Inflation in Germany, as measured by the change in the Consumer Price Index (CPI), declined to 4.5% on a yearly basis in September from 6.1% in August, Destatis' flash estimate showed on Thursday. This reading came in below the market expectation of 4.6%. On a monthly basis, the CPI rose 0.3%, matching the market expectation and August's increase.
The annual Harmonised Index of Consumer Prices (HICP), the European Central Bank's (ECB) preferred gauge of inflation, dropped sharply to 4.3% from 6.4% in the same period.
Market reaction to German inflation report
The Euro preserved its strength despite the softer-than-forecast Greman inflation readings. As of writing, the EUR/USD pair was up 0.4% on the day at 1.0540.
Euro price today
The table below shows the percentage change of Euro (EUR) against listed major currencies today. Euro was the strongest against the US Dollar.
The heat map shows percentage changes of major currencies against each other. The base currency is picked from the left column, while the quote currency is picked from the top row. For example, if you pick the Euro from the left column and move along the horizontal line to the Japanese Yen, the percentage change displayed in the box will represent EUR (base)/JPY (quote).
Germany Consumer Price Index (YoY)
The Germany consumer price index released by the Statistisches Bundesamt Deutschland measures the average price change for all goods and services purchased by households for consumption purposes. CPI is the main indicator to measure inflation and changes in purchasing trends. A high reading is positive (or Bullish) for the EUR, while a low reading is negative (or bearish).Read more.
Next release: 10/11/2023 12:00:00 GMT
This section below was published as a preview of the German inflation report at 08:30 GMT.
- The Federal Statistical Office of Germany will publish the German inflation data on Thursday.
- Headline CPI is set to rise 4.6% YoY in September, down sharply from a prior increase of 6.1%.
- German inflation data to offer fresh hints on the Eurozone figures, impacting the ECB’s policy.
Interest rates will stay high ‘as long as necessary’, European Central Bank (ECB) President Christine Lagarde told the European Parliament’s committee on economic and monetary affairs on Monday. Does this mean an end to the ECB rate hike cycle or the door is still left ajar for one more rate hike this year?
The ECB meets next month for its monetary policy review, and therefore, the upcoming Harmonized Index of Consumer Prices (HICP) inflation data from Germany and the Eurozone hold utmost significance for its impact on the central bank’s policy decision.
The Euro (EUR) is poised to extend its downtrend if the inflation data from the Eurozone economies, especially Germany, highlights the underlying disinflationary trend.
What to expect in the next German inflation report?
The official data will be released by the Federal Statistical Office of Germany (Destatis) on Thursday. The annual German Consumer Price Index (CPI) is expected to rise 4.6% in September, down from a 6.1% increase reported in August. The monthly CPI inflation is set to increase at a steady rate of 0.3% in the reported period.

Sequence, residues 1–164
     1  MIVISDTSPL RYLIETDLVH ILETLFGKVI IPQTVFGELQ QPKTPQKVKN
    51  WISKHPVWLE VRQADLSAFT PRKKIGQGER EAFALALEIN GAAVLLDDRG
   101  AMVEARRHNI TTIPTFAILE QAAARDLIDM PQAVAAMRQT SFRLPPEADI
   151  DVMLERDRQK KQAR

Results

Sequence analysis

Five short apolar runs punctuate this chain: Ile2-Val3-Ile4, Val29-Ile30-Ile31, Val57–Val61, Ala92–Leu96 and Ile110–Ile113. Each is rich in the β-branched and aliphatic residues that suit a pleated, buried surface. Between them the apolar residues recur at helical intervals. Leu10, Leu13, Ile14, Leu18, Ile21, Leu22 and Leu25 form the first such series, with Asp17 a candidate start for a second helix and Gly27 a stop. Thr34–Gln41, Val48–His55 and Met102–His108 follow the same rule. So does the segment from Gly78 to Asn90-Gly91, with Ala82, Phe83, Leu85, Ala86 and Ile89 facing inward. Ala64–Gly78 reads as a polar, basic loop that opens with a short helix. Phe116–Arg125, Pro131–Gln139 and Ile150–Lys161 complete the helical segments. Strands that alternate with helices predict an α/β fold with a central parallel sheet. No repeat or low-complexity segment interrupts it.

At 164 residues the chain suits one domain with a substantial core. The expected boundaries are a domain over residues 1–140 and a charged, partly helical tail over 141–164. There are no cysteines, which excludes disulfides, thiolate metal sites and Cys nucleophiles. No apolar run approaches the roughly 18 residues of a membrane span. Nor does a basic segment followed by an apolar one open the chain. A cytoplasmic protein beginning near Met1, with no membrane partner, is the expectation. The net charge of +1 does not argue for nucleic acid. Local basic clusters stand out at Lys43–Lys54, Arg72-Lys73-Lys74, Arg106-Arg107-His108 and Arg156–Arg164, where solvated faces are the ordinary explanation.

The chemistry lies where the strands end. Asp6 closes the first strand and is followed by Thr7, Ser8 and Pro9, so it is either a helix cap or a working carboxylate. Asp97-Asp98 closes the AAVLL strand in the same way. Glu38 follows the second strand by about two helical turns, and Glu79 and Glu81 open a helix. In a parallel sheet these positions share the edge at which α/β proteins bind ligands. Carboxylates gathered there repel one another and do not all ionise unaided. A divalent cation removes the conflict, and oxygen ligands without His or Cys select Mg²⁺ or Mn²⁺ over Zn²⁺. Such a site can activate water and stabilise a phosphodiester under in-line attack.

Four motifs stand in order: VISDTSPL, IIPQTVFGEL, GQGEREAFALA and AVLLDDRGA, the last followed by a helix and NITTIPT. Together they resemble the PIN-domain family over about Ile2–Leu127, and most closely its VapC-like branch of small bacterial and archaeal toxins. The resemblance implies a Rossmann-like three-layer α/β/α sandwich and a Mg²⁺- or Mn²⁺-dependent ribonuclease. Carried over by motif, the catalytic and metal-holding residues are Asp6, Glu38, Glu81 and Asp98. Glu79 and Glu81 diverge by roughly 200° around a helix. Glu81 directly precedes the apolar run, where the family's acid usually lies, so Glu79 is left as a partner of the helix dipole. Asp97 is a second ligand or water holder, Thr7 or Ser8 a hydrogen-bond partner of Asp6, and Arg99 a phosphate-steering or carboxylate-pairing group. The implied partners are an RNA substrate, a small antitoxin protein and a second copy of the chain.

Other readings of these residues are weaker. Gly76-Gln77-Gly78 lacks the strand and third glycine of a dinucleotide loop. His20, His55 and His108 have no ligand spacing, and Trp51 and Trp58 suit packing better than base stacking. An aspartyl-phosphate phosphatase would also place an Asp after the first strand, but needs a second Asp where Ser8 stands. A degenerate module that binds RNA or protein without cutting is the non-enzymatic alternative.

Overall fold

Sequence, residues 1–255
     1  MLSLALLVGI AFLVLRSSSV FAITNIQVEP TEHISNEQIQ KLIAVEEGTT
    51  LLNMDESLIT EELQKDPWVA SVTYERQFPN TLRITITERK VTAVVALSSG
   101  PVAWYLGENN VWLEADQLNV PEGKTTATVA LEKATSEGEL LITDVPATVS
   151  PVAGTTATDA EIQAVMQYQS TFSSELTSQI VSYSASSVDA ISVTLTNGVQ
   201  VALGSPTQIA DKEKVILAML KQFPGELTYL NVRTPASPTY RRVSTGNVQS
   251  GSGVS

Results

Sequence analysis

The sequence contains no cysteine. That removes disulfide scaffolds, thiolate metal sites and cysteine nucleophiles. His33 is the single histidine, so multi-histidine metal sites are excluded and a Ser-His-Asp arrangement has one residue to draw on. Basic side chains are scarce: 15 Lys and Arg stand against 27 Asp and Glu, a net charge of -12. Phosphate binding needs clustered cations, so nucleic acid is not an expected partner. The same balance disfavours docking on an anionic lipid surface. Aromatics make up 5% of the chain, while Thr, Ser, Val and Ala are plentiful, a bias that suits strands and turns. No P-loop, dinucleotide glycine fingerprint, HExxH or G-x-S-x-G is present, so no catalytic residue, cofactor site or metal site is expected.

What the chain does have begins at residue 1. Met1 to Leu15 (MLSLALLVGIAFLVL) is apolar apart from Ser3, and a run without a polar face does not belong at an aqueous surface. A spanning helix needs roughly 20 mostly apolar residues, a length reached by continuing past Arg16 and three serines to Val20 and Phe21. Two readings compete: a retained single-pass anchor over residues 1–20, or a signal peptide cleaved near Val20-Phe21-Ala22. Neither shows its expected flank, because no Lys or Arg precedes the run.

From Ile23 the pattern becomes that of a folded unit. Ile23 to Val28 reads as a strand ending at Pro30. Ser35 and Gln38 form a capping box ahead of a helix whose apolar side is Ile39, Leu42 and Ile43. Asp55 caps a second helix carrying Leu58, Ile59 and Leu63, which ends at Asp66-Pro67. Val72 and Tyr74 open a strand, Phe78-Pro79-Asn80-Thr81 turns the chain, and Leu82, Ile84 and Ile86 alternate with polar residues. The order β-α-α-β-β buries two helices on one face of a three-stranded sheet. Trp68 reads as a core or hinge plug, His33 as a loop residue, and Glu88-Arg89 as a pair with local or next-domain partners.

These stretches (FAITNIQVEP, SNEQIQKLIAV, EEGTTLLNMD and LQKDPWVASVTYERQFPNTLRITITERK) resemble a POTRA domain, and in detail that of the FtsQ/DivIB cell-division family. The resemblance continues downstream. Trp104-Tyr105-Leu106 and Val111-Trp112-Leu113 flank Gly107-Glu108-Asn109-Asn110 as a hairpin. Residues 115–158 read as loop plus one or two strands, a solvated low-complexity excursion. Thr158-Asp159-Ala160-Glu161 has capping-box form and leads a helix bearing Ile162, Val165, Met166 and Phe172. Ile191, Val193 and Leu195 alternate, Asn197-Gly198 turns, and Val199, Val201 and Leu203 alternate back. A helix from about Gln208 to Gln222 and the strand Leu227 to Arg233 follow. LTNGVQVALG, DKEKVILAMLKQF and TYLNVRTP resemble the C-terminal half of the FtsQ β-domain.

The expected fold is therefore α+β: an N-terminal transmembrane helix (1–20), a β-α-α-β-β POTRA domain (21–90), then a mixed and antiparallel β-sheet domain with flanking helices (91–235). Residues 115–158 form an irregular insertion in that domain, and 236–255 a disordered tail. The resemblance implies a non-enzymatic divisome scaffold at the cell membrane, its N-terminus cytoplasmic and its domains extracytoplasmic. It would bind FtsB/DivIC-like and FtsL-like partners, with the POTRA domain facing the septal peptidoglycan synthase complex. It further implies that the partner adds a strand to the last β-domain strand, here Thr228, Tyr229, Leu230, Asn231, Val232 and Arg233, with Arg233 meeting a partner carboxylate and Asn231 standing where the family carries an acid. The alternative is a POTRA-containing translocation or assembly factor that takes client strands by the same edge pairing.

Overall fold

Germany’s annual HICP inflation is seen dropping sharply to 4.5% in September from 6.4% in August. The core HICP is likely to rise 0.3% in September, compared with a 0.4% acceleration in August.
Further cooldown in inflation in Europe’s largest economy is likely to hint at softer inflation readings in the bloc’s overall inflation data, which will be published on Friday.
The headline Eurozone Harmonized Index of Consumer Prices is expected to rise 4.5% YoY in September, a slowdown from August’s 5.2% increase. The Core HICP inflation, the gauge closely watched by the European Central Bank, is also seen lower at 4.8% in the said period as against a 5.3% increase seen in the previous month.
Commenting on inflation developments, Lagarde said that price growth is likely to remain "too high for too long" despite the recent decline. “Strong spending on holidays and travel and increasing wages were slowing the decline in price levels even as the economy stays sluggish”, she added. Therefore, it remains to be seen if the German and Eurozone inflation data underscore the hidden disinflationary signals or point to a renewed uptrend in inflation in the face of the recent surge in Oil prices.
The regional inflation data point could hint at the trend in German headline inflation in September. North Rhine-Westphalia (NRW) is the first German state to report September inflation readings and, as it is the most populous state, the reading can often be a signal of the trend in the figure for the whole of Germany.
Still, North-Rhine Westfalia figures don’t always work well as a forward-looking indicator. In August, inflation in this German state rose to 5.9% on year, up from 5.8% in July, signaling the possibility of an unexpected rise in overall German inflation. However, the nationwide figures eventually showed softer inflation figures as some other major states saw easing price pressures. For example, consumer prices in the German State of Bavaria rose by 5.9% YoY in August, the lowest inflation rate since February 2022 and easing from a 6.1% increase in the previous month. The annual inflation rate in the German state of Saxony ticked up to 6.8% in August 2023, from 6.7% in July.
For September, consumer prices in the German state of NRW rose by 0.2 % over the month in September and were up by 4.2 % YoY, the state's statistics office said on Thursday.
Previewing the August inflation data, Deutsche Bank explains: “September preview: Headline and core inflation prints might drop substantially. Owing to the petering out of two larger base effects – stemming from last summer's fuel discount and 9-Euro-ticket, we anticipate Germany's CPI headline and core inflation rates to fall more substantially again in September.”